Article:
(So named (Latin cadmia, "zinc ore") by Friedrich Strohmeyer, German chemist, because it is frequently found associated with zinc) A silver-white, malleable, ductile, metallic chemical element occurring as a sulfide or carbonate in zinc ores. It is used in some low-melting alloys, electroplating, rechargeable batteries, etc. It has highly toxic dust and fumes.

Symbol: Cd
Atomic number: 48
Atomic weight: 112.411
Density (at room temperature and pressure): 8.65 g/cc
Melting point: 321.07°C
Boiling point: 765°C
Valence: +2
Ground state electron configuration: [Kr]4d105s2

Symbol: Cd
Atomic Number: 48
Atomic Weight: 112.41
Boiling Point: 1040 K
Melting Point: 594.26 K
Density at 300K: 8.65 g/cm3
Covalent radius: 1.14
Atomic radius: 1.71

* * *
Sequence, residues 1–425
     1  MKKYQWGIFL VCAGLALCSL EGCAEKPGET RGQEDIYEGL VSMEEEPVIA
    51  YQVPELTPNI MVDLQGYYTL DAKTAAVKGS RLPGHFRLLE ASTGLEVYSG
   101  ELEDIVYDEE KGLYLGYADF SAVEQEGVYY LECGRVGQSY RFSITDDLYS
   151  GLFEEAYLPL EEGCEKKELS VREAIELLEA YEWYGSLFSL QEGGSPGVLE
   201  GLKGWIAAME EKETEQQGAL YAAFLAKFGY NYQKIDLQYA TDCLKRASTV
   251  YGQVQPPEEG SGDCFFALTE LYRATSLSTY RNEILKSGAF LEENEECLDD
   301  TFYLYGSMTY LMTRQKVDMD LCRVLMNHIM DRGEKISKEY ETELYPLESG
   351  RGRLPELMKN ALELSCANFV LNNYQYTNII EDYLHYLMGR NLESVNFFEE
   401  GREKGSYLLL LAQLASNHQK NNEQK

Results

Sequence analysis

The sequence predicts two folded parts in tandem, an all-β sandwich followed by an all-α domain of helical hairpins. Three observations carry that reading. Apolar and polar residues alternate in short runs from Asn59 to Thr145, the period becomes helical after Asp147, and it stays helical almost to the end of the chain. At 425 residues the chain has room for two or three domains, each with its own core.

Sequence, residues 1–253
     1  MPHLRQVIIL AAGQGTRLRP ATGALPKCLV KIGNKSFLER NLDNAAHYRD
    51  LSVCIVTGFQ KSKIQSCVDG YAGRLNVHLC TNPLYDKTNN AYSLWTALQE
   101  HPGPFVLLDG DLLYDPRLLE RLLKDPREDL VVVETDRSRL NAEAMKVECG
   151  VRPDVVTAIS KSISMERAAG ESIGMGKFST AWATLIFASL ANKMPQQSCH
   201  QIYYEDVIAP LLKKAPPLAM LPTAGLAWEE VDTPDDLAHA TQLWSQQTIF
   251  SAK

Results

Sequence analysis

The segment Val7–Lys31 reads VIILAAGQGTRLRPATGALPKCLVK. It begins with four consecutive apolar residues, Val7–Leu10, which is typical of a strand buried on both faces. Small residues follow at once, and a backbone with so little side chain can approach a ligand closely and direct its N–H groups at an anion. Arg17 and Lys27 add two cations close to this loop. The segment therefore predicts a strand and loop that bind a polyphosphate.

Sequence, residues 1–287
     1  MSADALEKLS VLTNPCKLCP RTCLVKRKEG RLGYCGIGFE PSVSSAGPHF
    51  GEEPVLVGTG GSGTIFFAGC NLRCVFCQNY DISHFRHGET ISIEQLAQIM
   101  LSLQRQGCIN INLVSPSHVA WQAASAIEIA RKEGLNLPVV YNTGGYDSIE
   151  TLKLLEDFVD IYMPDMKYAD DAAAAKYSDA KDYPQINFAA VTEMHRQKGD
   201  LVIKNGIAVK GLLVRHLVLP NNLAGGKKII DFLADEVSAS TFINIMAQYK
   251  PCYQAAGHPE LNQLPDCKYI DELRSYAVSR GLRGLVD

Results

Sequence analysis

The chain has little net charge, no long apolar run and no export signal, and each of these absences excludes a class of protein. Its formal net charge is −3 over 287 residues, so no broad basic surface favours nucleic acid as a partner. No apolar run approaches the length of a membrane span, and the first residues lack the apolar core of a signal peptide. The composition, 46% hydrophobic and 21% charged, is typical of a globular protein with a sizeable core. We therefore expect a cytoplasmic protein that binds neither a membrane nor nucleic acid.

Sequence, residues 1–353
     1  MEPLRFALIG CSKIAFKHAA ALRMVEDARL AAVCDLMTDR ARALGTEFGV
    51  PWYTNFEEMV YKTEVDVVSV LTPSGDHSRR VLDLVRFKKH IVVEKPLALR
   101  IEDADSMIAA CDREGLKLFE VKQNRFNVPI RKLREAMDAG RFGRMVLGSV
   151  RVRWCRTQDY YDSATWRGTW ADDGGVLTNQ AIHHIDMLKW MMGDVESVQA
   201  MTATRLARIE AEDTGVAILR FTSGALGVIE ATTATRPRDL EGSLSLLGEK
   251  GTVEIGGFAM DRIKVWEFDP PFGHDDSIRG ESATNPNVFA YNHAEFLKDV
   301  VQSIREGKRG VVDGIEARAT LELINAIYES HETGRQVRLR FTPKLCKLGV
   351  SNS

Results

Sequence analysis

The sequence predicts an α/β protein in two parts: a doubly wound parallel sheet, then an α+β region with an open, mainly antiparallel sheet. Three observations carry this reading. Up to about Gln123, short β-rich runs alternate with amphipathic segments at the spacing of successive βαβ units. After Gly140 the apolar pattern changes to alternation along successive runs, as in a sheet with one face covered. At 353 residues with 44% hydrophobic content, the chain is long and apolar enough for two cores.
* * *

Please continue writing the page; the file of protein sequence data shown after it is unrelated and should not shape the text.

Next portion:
Atomic volume: 13.10 cm3/mol
First ionization potental: 8.993 V
Specific heat capacity: 0.232 Jg-1K-1
Thermal conductivity: 96.8 Wm-1K-1
Electrical conductivity: 14.7 106Ω-1m-1
Heat of fusion: 6.07 kJ/mol
Heat of vaporization: 99.87 kJ/mol
Electronegativity: 1.69 (Pauling's)

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Cad"mi*um (?), n. [NL. See Cadmia.] Chem.

A comparatively rare element related to zinc, and occurring in some zinc ores. It is a white metal, both ductile and malleable. Symbol Cd. Atomic weight 111.8. It was discovered by Stromeyer in 1817, who named it from its association with zinc or zinc ore.

Cadmium yellow, a compound of cadmium and sulphur, of an intense yellow color, used as a pigment.


© Webster 1913.

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